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South Carolina debating if it should be easier to expunge a brush with the law

By Cynthia Roldan, September 27, 2014

COLUMBIA – South Carolina lawmakers looking to expand the state’s expungement laws are finding themselves on the opposite side of law enforcement officials and crime victims advocates.

During a normally quiet time for the Legislature, a subcommittee of both senators and representatives has met here in recent weeks to talk about clarifying and potentially expanding how people can erase their past brushes with the law.

Currently, South Carolinians are eligible to have their criminal record expunged if: they have been found not guilty of a crime; had a charge discharged or dismissed; completed a series of rehab programs; or committed certain types of misdemeanors.

If approved, a person can have their record wiped off the books – as if it never happened.

The subcommittee’s work has stirred some concern. Both SLED Chief Mark Keel and Laura Hudson, executive director of the South Carolina Crime Victims’ Council, have warned the panel against expanding the state’s expungement laws.

 Despite speaking to each other at the subcommittee’s meetings, there appears to be a communication gap among those on both sides.

Subcommittee chair Sen. Karl Allen, D-Greenville, said Wednesday that Keel and Hudson were simply worried about allowing for a blanket expungement expansion across the board for all offenses.

“That attitude that they have is a criminal mindset for offenders of just being hard on them,” Allen said. “I’m hoping that we can get (Hudson) to buy into first offenses and simple possession of drugs.”

But Hudson has been outspoken since the first meeting against any expansion – period. And after the first meeting, she said she was “very annoyed” lawmakers were not taking into account victims of crime; “that it’s all about some varmint.”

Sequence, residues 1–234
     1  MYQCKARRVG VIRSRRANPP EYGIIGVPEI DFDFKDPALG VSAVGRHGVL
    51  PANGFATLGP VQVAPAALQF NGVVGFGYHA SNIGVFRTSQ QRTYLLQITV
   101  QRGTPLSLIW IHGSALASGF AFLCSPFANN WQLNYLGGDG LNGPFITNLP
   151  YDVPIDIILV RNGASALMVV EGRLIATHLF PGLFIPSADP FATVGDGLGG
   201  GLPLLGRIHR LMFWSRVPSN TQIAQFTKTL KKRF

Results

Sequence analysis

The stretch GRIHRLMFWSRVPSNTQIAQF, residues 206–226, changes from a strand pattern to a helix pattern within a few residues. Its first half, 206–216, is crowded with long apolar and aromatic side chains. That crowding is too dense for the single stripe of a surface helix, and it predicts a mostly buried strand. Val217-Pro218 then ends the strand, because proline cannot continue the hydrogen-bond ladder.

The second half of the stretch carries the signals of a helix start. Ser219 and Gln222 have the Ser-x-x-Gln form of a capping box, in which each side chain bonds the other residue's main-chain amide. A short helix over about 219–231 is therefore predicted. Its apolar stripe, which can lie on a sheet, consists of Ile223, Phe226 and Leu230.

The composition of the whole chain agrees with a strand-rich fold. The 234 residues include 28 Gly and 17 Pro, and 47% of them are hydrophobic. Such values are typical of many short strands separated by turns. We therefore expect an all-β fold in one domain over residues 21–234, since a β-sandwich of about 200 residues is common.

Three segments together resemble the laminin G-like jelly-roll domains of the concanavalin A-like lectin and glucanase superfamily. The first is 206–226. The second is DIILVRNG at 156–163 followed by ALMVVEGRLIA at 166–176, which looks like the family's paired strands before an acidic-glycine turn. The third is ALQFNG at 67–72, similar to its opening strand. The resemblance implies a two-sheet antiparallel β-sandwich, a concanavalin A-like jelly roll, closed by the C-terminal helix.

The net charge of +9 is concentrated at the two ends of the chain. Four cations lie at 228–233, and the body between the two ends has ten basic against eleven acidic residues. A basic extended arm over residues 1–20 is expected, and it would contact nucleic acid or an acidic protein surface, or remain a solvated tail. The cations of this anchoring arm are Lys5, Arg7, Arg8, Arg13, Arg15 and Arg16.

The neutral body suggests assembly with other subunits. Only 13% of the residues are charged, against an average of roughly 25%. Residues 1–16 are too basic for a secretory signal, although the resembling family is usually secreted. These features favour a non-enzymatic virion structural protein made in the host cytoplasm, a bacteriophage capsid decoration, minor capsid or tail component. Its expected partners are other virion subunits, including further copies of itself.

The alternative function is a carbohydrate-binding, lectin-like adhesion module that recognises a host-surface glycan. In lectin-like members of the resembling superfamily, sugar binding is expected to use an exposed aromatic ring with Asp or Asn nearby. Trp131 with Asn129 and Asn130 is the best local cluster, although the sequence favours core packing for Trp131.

Her position has not changed since.

“I’ve been a little bit surprised at the vigor with which Sen. Allen and Rep. (Todd) Rutherford are trying to expand those expungements beyond everything we already have,” Hudson said on Wednesday. “I’d just be totally against that, and we’ll fight that down to the wire.”

Keel said Friday the state already offers nine possibilities to have a record expunged. Last year alone, the state processed nearly 85,000 expungements.

“There may be some clarifications that can be made of the expungement law,” Keel said. “But personally, I think we’ve got a pretty good system right now that allows a number of second chances for individuals who have charges.”

Keel added he also won’t support any statute or any change in statute that would allow expungement of a violent crime. Further, if the subcommittee produces legislation like one introduced a few years ago, the law enforcement community would not support it, he said.

The bill Keel is referring to is one that Rutherford, D-Columbia, sponsored. It sought to expand the state’s expungement laws and passed both chambers. But Hudson and Keel successfully lobbied against it when the House considered whether to override Gov. Nikki Haley’s veto.

This time, Rutherford said he plans to prepare a measure after the subcommittee finishes its report on Oct. 13. He also plans to pre-file legislation by the end of the year.

The committee, Rutherford said, is trying to reduce crime. When people are allowed a second chance by clearing their background of criminal offenses, they will have the opportunity to find a good job, and that reduces recidivism, he said.

“We need to create a workforce that is able to go to work and not have the burden of trying to feed their families and resorting to crime to do so,” Rutherford said. “Not allowing people second chances is not only un-American, it’s unChristian.”

Rutherford said businesses that come to South Carolina have said they have had a difficult time finding qualified workers. In other states where people’s records are expunged more often, employers have an incentive to stay because they have a larger qualified hiring pool, he said.

But having employers unaware of a potential employee’s criminal background worries Jarrod Bruder, executive director of the South Carolina Sheriff’s Association.

“I just think we have an obligation to protect the society,” Bruder said. “Our heartburn comes in with the expungement because it is an erasement of all records.”

Bruder echoed Keel and Hudson, adding giving a person a second chance should be up to the discretion of the employer.

Allen said he hopes the subcommittee can find the right criteria that would eliminate the worries of those who currently oppose expanding the state’s expungement laws.

“We have got to get them to look at the criminal justice system as a whole,” he said. “This whole notion was appropriate 10 years ago, when you just had zero tolerance, where you wanted to be hard on crime. (But) this allows light at the end of the tunnel.”

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